Celeste Richardson, co-captain for boat 7481, encouraged Melissa to keep going. Fighting her emotions, Melissa agreed. She put a huge log in the bow of the canoe to trim the boat and paddled on toward the next checkpoint at Hoccheim. With every painful paddle stroke, Melissa contemplated ending her bid at Hoccheim and returning to Austin. When another novice team paddled by and asked how she was doing, Melissa broke down and wept.

How was she doing? In her exhausted mind she was moving too slow to finish, she was battling doubts about facing the infamous log jam, and she was wondering how she would survive the 5-mile crossing from the mouth of the Guadalupe River across the open waters of San Antonio Bay to the finish line in Seadrift. The guys in the other boat reminded her about another paddler who had faced similar circumstances the year before and finished the race without his partner. Melissa paddled on.

As if to add insult to injury, just before sunset and only a few miles from the next checkpoint, Melissa got caught in a sweeper current that flipped her out of her canoe and sunk the canoe. She wrestled the boat out of the water and replaced the log with three large rocks and paddled on. To her surprise, her speed jumped from just over two miles per hour to four. That’s when she knew she was capable of finishing the race.

Melissa at Night
Melissa continued paddling but did not have the luxury of getting much rest. She had started the race on Saturday morning and lost her partner on Sunday morning. Over the course of the race she slept only thirty-minutes on Sunday, one-hour on Monday, and thirty-minutes on Tuesday. Exhausted, she found herself repeatedly falling asleep while paddling and suffered intense hallucinations, something that paddlers know they will experience to some degree over the course of the race.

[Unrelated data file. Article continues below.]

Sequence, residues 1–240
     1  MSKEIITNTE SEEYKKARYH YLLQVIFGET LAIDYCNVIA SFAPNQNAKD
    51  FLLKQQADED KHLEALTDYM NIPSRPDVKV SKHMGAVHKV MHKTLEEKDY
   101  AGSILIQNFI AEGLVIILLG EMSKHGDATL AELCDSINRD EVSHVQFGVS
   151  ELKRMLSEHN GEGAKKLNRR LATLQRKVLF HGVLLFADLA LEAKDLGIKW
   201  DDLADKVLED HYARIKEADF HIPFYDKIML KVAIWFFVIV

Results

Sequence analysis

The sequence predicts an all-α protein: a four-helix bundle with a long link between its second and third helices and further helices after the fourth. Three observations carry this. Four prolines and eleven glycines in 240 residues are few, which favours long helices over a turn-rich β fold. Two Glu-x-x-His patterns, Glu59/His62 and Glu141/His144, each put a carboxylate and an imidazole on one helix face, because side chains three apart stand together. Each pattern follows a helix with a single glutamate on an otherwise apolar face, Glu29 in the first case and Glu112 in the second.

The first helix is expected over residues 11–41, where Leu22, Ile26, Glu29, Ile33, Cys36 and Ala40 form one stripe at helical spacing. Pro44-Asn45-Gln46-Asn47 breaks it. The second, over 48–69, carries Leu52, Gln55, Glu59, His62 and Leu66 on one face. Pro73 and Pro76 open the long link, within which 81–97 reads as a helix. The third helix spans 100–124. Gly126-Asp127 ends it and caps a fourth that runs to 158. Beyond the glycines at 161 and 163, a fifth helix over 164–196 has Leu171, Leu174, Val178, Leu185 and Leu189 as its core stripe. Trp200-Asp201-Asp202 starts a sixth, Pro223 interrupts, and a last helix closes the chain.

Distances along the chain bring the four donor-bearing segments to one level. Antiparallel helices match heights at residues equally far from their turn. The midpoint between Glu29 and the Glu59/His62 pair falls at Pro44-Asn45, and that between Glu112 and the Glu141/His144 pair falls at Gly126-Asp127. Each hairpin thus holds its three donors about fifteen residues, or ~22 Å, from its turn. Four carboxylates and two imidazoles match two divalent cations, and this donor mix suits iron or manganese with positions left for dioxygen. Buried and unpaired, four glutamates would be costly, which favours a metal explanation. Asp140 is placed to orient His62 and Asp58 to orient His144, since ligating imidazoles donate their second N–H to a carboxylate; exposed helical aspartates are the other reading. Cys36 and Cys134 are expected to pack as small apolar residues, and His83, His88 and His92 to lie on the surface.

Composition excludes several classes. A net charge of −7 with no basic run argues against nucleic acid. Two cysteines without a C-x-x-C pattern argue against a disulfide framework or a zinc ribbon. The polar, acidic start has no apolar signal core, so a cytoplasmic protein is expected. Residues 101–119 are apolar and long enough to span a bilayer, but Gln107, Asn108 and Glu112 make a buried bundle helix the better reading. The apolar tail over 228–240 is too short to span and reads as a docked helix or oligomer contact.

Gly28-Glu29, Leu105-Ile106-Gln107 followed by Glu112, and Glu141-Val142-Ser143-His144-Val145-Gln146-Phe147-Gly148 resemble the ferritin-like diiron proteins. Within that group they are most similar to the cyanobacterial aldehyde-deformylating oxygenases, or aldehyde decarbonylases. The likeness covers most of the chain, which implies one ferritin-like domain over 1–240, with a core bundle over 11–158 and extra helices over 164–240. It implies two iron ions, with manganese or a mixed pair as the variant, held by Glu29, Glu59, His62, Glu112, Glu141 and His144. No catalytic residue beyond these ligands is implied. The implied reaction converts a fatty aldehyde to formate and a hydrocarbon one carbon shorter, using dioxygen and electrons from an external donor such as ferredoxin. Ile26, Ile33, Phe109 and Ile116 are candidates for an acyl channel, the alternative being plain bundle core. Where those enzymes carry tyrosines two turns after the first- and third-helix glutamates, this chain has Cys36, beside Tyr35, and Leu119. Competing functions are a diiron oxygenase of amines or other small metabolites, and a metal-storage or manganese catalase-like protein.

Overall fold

The most frightening time of the race for Melissa happened at the infamous log jam. Without question the most brutal portages on the race are found on this section of the course just downriver from Victoria. Every year, paddlers get lost or give up at this point in the race. Melissa’s canoe got sucked into the logs where she had seen an alligator. But somehow, summoning extra-human strength, she managed to get past the log jam and arrived at the Salt Water Barrier where her partner had dropped out the year before.

MJ 8
Only 16-miles from the finish line and a little more than 10-miles from the mouth of the Guadalupe River, Melissa trudged on stroke by stroke. When she reached San Antonio Bay at the mouth of the river, the wind was blowing hard, making the bay crossing that much more difficult. Melissa paddled and also jumped into the shallow bay and dragged her canoe toward the finish line. When she reached the barge canal, she jumped onto the bow of the canoe and paddled across the deep waters.